“I like Lansing. I do feel welcome here,” Svitlana said. She appreciates the friendliness she’s experienced in the Lansing area in contrast to the increasingly dour interactions she’d had in war-weary Poland.
“When the war started, all the people helped. But now, because many Ukrainian people have come to work in Poland, and there’s no good money, the Polish bosses never increase pay, only decrease it. And Polish people are angry, and the Ukrainians too. It was hard to live in Poland,” she said.
In Lansing, the Syrotas’ experience has been a welcoming one, and the family has already enjoyed biking on the rare warm winter days, maintaining their yard, playing soccer, and having Nerf gun fights in their home.
Ivan insists that the family watch English-only movies, to help develop their ongoing learning of the new language. To the same end, the family also plays alphabet and word games.
The Syrotas attend Living Word Church in Lansing, where they have been warmly received. There, they have received English instruction from volunteers, and Ivan has been financially supported in his goal to obtain a Commercial Driver’s License. The three children have also begun to adapt to school in Lansing.
“It was God that helped us come to America,” Svitlana said.
“I personally, and our church, Living Word, have been so blessed by the Syrotas’ dependency on the Lord throughout their life-changing transition,” said Alleman, who also attends Living Word.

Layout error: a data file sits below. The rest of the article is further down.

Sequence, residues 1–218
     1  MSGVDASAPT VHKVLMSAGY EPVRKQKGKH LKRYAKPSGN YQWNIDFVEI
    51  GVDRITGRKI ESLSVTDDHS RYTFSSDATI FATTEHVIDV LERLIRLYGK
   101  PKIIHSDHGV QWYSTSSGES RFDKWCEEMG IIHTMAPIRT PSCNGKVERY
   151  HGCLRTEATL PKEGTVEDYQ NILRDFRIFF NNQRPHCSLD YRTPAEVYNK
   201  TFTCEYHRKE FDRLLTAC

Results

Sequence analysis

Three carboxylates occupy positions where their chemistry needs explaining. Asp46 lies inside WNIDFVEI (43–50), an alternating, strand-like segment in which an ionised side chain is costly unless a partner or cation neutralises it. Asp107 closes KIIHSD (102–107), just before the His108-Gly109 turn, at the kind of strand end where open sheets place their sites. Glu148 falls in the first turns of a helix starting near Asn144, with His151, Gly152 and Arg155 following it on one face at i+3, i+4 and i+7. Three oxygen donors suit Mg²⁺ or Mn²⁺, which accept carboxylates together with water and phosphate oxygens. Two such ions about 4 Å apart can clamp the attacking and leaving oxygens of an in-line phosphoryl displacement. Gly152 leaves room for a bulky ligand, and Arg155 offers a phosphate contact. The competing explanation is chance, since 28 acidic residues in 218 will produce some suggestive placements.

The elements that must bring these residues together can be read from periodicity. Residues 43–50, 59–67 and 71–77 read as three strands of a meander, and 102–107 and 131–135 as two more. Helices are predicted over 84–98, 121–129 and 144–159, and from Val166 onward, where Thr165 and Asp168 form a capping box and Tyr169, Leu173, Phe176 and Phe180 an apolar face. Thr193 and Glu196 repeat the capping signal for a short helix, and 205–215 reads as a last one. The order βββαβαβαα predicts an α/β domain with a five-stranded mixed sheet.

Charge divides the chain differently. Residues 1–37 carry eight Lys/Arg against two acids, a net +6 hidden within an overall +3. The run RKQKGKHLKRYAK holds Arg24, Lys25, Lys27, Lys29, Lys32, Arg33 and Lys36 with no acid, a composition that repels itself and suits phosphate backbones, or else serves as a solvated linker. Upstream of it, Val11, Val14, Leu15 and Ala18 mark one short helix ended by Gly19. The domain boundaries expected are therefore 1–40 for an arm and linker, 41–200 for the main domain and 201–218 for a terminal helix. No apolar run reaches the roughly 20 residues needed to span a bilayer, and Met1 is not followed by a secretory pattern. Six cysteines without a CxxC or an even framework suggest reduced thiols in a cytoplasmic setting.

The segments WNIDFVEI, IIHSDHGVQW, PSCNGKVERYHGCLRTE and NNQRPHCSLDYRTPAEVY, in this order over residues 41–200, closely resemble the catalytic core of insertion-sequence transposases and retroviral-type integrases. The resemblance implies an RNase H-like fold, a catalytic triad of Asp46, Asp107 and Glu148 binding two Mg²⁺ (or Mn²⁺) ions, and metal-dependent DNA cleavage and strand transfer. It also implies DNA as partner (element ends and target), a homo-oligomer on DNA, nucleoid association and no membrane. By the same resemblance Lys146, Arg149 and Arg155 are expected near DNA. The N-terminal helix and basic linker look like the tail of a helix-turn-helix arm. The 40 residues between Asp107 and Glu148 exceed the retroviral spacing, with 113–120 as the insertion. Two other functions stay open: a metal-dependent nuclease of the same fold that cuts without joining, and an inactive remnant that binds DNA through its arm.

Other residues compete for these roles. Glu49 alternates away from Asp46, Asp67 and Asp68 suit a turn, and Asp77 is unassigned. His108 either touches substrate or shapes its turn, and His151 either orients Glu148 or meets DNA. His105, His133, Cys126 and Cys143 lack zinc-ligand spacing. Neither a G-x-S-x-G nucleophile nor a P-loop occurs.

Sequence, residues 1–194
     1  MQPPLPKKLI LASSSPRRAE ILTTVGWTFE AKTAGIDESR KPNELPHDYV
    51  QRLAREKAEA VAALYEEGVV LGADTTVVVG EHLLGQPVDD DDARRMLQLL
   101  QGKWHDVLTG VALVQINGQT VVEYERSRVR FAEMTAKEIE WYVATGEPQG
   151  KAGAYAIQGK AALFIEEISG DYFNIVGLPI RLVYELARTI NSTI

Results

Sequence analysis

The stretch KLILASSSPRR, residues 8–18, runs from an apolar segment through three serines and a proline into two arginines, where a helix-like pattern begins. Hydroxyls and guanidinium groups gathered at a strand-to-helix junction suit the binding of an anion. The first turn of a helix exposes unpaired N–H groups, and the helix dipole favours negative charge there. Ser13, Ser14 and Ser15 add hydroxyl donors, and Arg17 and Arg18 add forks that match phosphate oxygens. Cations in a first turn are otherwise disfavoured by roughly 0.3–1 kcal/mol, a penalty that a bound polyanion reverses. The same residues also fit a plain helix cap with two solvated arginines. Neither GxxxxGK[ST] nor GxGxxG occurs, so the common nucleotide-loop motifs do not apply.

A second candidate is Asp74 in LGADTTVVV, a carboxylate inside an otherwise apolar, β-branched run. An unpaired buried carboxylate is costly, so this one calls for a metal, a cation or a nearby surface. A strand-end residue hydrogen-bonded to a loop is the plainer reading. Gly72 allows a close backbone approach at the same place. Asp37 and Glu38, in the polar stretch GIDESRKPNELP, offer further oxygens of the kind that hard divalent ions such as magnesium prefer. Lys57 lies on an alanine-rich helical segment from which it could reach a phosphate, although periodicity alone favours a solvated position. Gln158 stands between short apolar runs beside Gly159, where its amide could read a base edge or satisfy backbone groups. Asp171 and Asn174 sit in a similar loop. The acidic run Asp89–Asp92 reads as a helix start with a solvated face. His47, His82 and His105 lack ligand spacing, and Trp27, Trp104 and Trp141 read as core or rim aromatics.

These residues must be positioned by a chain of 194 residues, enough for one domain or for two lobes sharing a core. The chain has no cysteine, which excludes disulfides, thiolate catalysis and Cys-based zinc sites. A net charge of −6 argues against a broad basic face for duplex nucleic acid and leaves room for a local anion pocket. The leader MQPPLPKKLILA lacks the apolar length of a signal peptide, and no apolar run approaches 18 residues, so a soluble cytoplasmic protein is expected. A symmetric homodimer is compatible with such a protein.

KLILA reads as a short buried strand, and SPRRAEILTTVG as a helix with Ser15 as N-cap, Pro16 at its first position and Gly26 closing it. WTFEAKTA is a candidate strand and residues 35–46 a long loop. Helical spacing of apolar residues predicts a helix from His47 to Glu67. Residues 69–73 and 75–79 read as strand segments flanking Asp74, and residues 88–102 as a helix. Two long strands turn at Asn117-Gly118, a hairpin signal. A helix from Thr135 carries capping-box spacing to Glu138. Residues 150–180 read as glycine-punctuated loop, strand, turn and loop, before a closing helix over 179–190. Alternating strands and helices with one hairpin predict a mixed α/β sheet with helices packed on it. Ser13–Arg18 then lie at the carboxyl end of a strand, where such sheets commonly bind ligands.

Tears and prayers for Ukraine
When asked about her feelings for the future, Svitlana quickly said, “I don’t know. God provides. I don’t know because when it comes to Ukraine, you can’t know the future.”
Thoughts about what her family left behind — possessions, friends, family, a familiar lifestyle — bring tears to Svitlana’s eyes.
“Ukraine is always on my mind,” she said. “My brother’s wife lived in our town in Poland, and we have many friends there. … And now there’s a new language. I knew Polish because I studied it as a child, but English for me is a very hard language.”
The distance from Ukraine doesn’t make the issues there any less real for Svitlana. She wakes up every morning to check a map app on her phone. It shows red in the oblasts (regions) where attacks occurred overnight.
“I check the app every time I have free time. Every time I see the map is red, I pray,” she said.
She also prays for her brothers, one of whom is currently fighting the war for Ukraine working behind a computer. He is considering going to the front lines for a higher wage.
“I say to him, ‘Ok, but when you die, who’s going to help your family?’” she said.
Safety, provision, and gratitude
Svitlana is grateful to God that her family is safe, and still together.
“My hope is only God,” she said. “Because without God, we are nothing. … I see how God provides for our situation, and how people have helped us. And I see God’s hand over our family and my life.”
Svitlana’s request of the Lansing community is simple: “Pray for Ukraine, and that the war would stop.”
Those wishing to support families like the Syrotas can donate to The Welcome Network by visiting thewelcomenet.org or calling 219-276-3764.